LinkedIn Strategies: LI & Business With Nate Kievman

LinkedIn Strategies: LI & Business With Nate Kievman

Nate KievmanSince I began writing for LI & Business, I have had the opportunity to connect with some incredible people and it’s interesting that one of the most impressive people I’ve encountered so far had been closer to me than I realized. He hasn’t been closer to just me but also to anyone who has ever read LI & Business magazine because I’m talking about it’s Executive Editor, Nate Kievman.


I have no intention of succumbing to the usual hype-fest that follows a great interview but forgive me if it sounds that way because I feel that I really “got the goods” from Nate, probably to the point that he should have charged me. Just kidding, Nate! I’m sure that will get a laugh during editing…

In addition to the massive undertaking of LinkedIn & Business Magazine and it’s 14.5 million subscribers, Kievman also runs the #1 LinkedIn Strategy Group on LinkedIn and has taught more than 35,000 people how to master the platform. He’s authored three books on the topic including LinkedIn Mastery: An All Inclusive Guide to Mastering LinkedIn. Kievman has also presented as the keynote speaker on social media strategy for the National Speakers Association Winter Meetings just this last 2011.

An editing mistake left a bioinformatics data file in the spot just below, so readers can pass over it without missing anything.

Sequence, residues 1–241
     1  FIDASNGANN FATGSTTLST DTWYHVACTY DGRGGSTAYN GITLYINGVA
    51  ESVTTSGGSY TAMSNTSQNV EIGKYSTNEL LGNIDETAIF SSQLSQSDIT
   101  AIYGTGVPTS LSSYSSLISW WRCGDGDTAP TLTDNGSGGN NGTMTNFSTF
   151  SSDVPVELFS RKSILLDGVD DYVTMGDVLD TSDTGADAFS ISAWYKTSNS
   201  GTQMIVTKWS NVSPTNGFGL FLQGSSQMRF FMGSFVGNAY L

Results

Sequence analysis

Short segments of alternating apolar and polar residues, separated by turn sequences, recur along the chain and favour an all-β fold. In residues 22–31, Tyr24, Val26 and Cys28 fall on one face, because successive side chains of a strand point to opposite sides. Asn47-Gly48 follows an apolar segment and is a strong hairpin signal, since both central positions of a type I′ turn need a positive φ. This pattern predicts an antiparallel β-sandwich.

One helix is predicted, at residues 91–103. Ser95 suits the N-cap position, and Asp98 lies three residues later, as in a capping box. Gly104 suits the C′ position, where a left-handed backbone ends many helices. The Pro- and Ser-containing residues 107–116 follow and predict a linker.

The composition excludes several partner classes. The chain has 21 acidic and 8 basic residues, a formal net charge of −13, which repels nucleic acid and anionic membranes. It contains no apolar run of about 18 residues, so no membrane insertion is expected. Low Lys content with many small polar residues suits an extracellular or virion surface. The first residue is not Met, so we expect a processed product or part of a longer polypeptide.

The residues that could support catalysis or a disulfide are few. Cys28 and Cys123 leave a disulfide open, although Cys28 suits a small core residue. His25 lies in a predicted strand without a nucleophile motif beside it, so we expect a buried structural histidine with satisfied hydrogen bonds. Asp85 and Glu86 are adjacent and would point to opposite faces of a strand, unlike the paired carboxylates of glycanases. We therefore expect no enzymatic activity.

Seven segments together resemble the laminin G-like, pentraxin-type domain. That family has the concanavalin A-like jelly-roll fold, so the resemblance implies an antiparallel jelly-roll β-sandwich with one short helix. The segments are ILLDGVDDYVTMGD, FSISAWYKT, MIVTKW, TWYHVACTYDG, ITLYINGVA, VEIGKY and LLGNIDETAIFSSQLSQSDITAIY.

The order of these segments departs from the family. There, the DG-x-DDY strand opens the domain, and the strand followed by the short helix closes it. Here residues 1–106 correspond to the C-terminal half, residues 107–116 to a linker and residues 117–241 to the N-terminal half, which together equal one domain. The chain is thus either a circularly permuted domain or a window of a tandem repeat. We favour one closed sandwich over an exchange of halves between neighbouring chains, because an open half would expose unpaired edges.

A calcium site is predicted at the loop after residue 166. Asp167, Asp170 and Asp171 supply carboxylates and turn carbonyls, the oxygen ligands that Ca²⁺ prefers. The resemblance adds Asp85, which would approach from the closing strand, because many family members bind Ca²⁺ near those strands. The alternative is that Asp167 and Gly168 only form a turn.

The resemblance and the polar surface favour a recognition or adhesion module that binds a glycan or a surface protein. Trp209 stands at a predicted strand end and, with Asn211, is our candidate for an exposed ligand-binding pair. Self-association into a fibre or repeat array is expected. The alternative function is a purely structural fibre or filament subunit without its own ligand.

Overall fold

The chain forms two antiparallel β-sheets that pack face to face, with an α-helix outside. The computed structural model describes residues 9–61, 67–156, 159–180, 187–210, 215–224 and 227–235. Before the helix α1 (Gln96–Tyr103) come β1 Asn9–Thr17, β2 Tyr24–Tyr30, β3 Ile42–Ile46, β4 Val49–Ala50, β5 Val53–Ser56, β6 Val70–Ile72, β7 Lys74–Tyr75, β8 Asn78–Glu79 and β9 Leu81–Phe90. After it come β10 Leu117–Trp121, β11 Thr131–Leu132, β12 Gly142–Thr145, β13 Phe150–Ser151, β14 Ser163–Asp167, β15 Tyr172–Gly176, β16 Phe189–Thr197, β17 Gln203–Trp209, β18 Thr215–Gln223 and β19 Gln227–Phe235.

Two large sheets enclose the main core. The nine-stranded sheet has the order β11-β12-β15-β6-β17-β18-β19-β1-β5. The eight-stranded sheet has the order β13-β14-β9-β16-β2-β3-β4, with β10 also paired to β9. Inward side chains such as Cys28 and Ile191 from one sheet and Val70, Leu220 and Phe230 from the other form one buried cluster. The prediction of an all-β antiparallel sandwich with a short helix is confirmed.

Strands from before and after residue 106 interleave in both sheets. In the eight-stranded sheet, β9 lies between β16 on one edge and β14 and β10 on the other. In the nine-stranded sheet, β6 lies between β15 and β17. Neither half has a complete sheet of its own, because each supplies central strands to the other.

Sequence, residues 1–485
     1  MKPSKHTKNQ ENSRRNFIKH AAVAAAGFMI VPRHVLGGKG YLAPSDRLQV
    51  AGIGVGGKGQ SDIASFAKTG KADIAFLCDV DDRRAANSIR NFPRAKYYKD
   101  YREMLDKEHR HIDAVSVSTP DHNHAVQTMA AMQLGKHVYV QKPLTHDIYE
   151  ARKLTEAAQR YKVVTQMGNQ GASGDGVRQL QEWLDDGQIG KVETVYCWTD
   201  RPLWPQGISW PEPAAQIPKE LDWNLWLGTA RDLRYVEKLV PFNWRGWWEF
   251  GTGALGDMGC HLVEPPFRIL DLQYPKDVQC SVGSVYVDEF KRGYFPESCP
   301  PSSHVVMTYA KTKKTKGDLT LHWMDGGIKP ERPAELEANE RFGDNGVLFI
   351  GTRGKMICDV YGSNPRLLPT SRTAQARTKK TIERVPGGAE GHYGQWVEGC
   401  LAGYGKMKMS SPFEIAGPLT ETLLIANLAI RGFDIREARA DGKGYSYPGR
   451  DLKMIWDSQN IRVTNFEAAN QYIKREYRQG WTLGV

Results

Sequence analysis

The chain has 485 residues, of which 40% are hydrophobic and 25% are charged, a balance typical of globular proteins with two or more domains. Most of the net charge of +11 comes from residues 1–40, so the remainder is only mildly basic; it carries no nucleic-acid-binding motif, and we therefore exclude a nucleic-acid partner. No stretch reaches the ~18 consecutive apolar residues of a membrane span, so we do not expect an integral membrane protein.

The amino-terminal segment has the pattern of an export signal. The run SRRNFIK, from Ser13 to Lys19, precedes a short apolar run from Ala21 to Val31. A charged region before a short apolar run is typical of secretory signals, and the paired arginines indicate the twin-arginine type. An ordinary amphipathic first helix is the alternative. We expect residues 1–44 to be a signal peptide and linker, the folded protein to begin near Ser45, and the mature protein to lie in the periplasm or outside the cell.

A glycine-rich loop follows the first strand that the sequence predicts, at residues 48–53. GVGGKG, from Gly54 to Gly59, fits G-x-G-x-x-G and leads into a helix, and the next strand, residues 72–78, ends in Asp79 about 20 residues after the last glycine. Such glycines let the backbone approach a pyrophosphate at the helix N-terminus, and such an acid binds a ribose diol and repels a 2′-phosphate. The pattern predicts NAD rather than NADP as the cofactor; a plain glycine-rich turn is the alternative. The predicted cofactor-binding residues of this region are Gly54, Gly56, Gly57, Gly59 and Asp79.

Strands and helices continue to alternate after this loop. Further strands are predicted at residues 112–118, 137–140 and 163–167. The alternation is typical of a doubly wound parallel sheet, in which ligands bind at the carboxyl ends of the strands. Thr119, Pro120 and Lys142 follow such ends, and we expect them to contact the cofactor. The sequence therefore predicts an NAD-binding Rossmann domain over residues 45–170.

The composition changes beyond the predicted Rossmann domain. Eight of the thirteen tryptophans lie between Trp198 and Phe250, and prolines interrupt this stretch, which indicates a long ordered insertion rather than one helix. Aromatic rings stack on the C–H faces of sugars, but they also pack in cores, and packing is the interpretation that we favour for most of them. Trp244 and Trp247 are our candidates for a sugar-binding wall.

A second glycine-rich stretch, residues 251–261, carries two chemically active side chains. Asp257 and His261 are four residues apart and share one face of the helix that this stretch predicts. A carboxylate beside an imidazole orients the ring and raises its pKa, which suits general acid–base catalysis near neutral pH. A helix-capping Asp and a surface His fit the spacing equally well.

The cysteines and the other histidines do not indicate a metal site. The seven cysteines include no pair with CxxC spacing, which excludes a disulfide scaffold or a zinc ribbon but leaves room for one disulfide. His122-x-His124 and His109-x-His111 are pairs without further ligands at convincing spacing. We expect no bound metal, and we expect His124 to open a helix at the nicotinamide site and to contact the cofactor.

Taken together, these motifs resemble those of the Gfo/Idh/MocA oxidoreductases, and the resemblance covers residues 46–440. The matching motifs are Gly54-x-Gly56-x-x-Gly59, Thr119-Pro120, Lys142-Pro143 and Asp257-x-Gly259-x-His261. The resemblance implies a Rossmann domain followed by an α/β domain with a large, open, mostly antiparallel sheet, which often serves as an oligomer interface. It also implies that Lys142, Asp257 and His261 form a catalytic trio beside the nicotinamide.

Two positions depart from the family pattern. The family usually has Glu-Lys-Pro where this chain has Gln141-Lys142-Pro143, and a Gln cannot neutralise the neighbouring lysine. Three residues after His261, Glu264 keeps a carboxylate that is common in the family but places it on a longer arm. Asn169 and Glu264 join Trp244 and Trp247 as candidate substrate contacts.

He’s not your average social media bandwagoner, to say the least!
Nate Kievman is an educated guy. He has two Masters Degrees (one in Business, the other Sports Administration) but really credits the “school of hard knocks” when trying to build his own businesses.

“I realized the power of LinkedIn and I kept using it as a tool to help my clients accelerate their growth,” says Kievman as he discusses the evolution of his consulting practice and the successes that led to it.

“People can hide behind their computer and they don’t realize it is so personal.“ ~Nathan Kievman

Related: LinkedIn webinar to teach you exactly how to optimize your profile and attract your ideal clients! Click here to register now.

No Bones: Talking ROI & Social Media…Again

Kievman’s perspective on ROI should be enlightening for many entrepreneurs and business people that struggle with making that word show up in the same sentence as social media.

Nate KievmanDetermine Your Metric For Success

Kievman asserts that most organizations come from two strands of thought:

  1. ROI focused but also very results-driven (Favored by Direct Marketers like Kievman)
  2. Branding organizations that are focused on building a brand

As we continued to discuss the big divide that exists between these two ways of thinking in the social marketing world, it was determined that both of these strategies are very applicable and very powerful in their own ways but you can’t measure them both in the same way.